After the Royal Wedding fever of 2018, the attention on Prince Harry and his new wife Meghan seems unstoppable. Tabloid writers feed of any hint of a story, whether it’s a potential rift between Meghan and Kate or what the young royals will be naming their new baby. Despite all the eyes watching her every move, Meghan Markle – now HRH The Duchess of Sussex – is using her new platform to champion some very positive causes. A lifelong advocate for female empowerment and gender equality (we’ve all heard about her childhood exploits campaigning against a sexist soap advert), the new Duchess has recently announced patronage of an organisation that works to support women trying to enter the world of work: Smart Works.

Who are Smart Works?

Smart Works are a charity who operate in seven locations across the UK to provide high quality clothes for unemployed women who are preparing for a job interview. They also give the women interview training in order to develop their confidence and increase their chances of succeeding at interview stage. Many of the women who come to Smart Works have been rejected for over 50 jobs, which can severely affect their belief in their own abilities. Therefore, to have the Smart Works team on hand to help them prepare and to have that extra boost to the self-esteem when it counts, can make a real difference.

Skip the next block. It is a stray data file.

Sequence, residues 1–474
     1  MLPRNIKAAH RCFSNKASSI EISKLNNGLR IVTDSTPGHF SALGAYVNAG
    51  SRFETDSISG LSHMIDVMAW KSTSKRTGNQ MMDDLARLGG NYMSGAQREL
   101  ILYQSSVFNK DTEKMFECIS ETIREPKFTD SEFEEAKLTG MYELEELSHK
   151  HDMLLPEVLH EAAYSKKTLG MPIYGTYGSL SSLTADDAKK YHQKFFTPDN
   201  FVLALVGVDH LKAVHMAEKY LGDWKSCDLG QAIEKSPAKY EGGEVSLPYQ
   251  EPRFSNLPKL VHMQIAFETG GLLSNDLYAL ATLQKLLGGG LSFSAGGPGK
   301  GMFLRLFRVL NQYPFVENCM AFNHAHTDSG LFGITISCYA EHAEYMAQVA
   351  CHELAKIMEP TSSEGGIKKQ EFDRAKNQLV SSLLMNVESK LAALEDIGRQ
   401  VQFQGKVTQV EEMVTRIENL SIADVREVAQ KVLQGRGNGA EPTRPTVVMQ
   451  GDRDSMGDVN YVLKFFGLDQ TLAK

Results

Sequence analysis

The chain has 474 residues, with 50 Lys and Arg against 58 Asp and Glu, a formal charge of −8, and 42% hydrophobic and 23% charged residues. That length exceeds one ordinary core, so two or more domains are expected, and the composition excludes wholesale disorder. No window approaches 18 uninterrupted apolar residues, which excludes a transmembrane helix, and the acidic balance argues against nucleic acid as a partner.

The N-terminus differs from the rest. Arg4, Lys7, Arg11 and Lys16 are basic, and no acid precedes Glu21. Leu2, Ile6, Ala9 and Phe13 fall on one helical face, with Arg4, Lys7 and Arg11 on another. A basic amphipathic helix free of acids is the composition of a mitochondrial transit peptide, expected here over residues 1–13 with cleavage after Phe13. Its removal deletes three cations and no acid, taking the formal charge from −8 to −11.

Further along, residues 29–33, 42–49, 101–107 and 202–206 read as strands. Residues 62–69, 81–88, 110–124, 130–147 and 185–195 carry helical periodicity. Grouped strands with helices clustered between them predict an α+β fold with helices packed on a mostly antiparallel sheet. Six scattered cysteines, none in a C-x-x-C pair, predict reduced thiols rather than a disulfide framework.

Why support Smart Works?

It may seem frivolous to some people that this royal platform is being used to raise awareness for a charity which focuses on fashion; however, the significance of their work is so much more than just an outfit. The women who are referred to them are those who are struggling to find a job; which in our line of work, we know can be for a whole number of very serious reasons. Victims of domestic abuse can find it very difficult to succeed in interviews if their confidence has been manipulated and exploited by their abuser. Those recovering from substance abuse might not be in a financial position to be able to get the clothing needed to present a professional front to prospective employers. Women who have had their mental health affected by any one of all the issues social workers encounter on a daily basis can actually benefit greatly from the work of the Smart Works team. And these are the women who Smart Works help.